Thursday, January 25, 2007

Not Taking "No" For an Answer

Everyone knows about "the Japan that can't say no" idea. Today, I had an experience I've had rather frequently before in Japan where I encounter a Japanese person who won't take "no" for an answer. The general structure of the conversation is this:

JP = Japanese Person who wants you to do something you can't or don't want to do.

JP: Your student needs to cancel her lesson today and would like to come tomorrow.

Me: I'm afraid I'm busy tomorrow so I can't schedule a lesson for her then.

JP: She wants to come after 6:00 pm.

Me: I'm sorry but I'm especially busy after 6:00 pm.

JP: You're busy?

Me: Yes. Can she come next week?

JP: She would like to come tomorrow.

Me: I'm very busy tomorrow.

JP: You're too busy?

Me: Yes. I have other lessons.

(uncomfortable prolonged silence)

Me: (giving in first) Can she come next Thursday for her usual lesson?

JP: She would like to come on Friday.

Me: I'm sorry but I can't see her then.

(second uncomfortable silence)

Me: Please tell her I'm sorry I can't see her tomorrow.

JP: Okay, I'll tell her then.

As you can see, I'm pretty weak under the pressure of silence. I think this is a combination two things. First is the fact that I'm a teacher and any time I talk to a Japanese person, I feel it's my obligation to keep the conversation going. Second is because I was raised by a mother who made me feel like I was the most selfish person in the world if I didn't do everything I could to make everyone else happy even if I have to do so at my expense.

I don't have trouble asserting myself or making my opinions known but I do have problems saying "no" when I'm doing so for my own benefit. In this case, I was refusing a student who I don't really enjoy teaching because I already have 4 hours of lessons set up and that's going to be tiring enough without shoehorning her into the day. The main reason to turn her down is that it'll wear me out too much.

This problem is sufficiently an issue with me that I consider it a triumph every time I say "no" to someone because I don't feel like doing what they want for one reason or another. I'm sure this is a neurotic tendency but it's rather hard to overcome the conditioning I grew up with.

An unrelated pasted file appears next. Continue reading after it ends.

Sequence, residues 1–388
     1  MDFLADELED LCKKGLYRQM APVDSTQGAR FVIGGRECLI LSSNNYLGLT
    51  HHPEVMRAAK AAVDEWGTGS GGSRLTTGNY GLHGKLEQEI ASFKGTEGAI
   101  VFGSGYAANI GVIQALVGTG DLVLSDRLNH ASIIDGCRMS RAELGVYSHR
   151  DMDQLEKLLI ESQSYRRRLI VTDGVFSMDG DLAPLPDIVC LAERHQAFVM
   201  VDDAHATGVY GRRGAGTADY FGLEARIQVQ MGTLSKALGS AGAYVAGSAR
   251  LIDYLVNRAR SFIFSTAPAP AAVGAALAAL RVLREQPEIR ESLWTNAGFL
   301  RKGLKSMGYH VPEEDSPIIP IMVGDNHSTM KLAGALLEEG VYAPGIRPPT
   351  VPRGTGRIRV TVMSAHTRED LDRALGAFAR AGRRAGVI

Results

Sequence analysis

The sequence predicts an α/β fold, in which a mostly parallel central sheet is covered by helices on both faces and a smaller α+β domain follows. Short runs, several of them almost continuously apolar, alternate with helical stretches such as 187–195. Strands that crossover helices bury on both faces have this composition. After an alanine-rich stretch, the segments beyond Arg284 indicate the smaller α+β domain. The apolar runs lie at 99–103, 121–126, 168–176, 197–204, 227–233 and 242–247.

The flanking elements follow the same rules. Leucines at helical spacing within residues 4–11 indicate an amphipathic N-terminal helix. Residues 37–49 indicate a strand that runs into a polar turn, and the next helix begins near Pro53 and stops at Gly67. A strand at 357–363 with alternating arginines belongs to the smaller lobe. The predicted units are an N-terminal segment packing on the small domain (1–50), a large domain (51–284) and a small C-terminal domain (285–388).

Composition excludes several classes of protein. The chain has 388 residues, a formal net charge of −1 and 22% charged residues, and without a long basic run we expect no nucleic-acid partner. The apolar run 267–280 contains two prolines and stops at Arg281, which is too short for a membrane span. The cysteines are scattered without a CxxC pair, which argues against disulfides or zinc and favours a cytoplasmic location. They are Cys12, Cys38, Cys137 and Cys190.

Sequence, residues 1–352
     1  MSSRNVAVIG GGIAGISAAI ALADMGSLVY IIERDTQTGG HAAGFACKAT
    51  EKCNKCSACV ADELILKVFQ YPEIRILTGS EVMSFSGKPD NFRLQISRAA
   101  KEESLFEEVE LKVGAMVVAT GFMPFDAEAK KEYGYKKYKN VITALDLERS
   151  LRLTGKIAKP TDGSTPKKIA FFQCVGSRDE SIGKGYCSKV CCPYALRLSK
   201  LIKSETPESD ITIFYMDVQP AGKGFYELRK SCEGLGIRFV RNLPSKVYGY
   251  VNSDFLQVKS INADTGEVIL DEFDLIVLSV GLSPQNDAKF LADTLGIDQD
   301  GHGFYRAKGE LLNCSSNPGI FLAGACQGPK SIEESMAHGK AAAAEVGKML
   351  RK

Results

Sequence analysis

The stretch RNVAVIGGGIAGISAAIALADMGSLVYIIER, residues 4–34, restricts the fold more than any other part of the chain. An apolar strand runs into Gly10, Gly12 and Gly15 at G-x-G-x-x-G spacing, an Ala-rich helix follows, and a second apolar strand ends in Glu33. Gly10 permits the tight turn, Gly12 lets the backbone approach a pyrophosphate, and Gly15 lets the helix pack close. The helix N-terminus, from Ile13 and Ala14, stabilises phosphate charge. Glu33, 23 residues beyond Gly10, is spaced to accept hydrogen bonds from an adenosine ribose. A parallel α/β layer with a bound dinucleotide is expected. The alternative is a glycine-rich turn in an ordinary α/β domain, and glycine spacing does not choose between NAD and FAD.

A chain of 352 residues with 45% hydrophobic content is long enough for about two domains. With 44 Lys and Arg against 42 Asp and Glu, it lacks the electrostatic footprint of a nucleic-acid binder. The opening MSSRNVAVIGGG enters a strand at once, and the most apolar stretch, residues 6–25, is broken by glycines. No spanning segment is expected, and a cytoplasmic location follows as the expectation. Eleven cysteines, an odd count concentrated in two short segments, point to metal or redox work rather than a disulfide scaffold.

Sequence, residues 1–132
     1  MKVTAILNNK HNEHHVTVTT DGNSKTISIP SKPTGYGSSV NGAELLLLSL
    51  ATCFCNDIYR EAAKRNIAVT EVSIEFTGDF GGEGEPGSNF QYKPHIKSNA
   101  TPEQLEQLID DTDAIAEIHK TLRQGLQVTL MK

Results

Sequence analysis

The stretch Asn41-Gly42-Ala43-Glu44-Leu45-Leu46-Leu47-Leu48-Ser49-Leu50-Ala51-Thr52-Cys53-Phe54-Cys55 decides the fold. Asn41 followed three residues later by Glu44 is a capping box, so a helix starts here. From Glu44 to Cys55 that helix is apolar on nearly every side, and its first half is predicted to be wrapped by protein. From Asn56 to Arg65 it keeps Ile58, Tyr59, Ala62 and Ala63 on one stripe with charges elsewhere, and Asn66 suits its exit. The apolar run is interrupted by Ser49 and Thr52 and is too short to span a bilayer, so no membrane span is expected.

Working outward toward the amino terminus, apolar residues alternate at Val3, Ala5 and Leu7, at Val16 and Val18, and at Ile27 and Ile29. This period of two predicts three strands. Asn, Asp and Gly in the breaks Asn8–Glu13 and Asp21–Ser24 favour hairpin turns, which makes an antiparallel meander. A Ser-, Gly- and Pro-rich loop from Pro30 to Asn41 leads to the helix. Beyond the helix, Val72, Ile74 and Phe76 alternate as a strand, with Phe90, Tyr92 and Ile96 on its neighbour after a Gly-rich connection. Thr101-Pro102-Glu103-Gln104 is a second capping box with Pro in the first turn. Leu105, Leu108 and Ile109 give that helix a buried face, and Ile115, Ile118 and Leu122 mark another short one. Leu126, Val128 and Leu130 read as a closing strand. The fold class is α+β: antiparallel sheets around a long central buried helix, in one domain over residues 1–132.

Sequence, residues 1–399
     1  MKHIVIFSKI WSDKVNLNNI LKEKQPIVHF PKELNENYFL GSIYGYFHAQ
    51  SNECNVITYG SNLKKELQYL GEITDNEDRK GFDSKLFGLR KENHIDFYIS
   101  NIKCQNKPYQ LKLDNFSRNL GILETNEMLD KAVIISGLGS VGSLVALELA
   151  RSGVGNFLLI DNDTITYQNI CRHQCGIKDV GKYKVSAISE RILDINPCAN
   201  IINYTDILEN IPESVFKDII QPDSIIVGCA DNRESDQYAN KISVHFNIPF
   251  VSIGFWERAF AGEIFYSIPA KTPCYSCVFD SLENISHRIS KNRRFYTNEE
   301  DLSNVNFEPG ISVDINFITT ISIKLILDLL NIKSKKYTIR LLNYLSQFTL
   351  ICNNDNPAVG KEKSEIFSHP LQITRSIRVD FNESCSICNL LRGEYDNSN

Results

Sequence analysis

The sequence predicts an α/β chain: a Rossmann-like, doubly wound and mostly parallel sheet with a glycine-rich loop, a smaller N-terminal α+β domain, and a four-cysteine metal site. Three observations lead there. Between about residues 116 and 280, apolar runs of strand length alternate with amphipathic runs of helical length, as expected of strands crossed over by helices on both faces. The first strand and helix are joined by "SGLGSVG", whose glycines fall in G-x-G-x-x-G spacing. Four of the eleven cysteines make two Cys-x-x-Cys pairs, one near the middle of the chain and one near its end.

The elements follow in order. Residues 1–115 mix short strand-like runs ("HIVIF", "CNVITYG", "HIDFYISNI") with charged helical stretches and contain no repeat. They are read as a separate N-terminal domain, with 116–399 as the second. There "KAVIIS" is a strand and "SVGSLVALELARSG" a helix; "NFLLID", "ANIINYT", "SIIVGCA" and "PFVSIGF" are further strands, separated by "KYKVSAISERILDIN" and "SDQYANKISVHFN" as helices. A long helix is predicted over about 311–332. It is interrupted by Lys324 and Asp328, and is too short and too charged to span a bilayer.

Despite a reputation for being polite and accommodating, the Japanese are just as capable of exerting pressure as anyone else. They just tend to do it in a more subtle fashion through repetition and silence rather than through volume or aggressiveness.

5 comments:

Helen said...

I had an experience with not taking no when I worked at my eikaiwa. I was what we called a split teacher, I worked in two schools...3 days in one, 2 in the other. To save money the company decided that they wouldn't have a manager in the school on the days that I worked there. They wanted me to answer the phones when I wasn't teaching. The manager and the Japanese Teacher spent an hour trying to browbeat me into agreeing to answer the telephones. It was a few years ago, but it went a bit like this...
"Helen, we want you to answer the telephone when it rings."
"No because I can't speak Japanese. And, isn't there an answering machine anyway?"
"We'll teach you what to say. "
"I won't understand what the person on the phone says."
"That's okay, just as long as you give them the message in Japanese."
"Huh?"
"We think it's a good idea if you answer the phone."
"Isn't there an answering machine for that?"
"Japanese people don't like answering machines and don't leave messages."
"Well, then they'll call back!"
"We want you to answer the phone when you're not in class."
"No, I'm not able to do that."

Over and over it went, for more than an hour. I flatly refused. I still believe that I did the right thing. If I had been able to speak Japanese I might have been more willing, but I was a teacher. I had enough to do!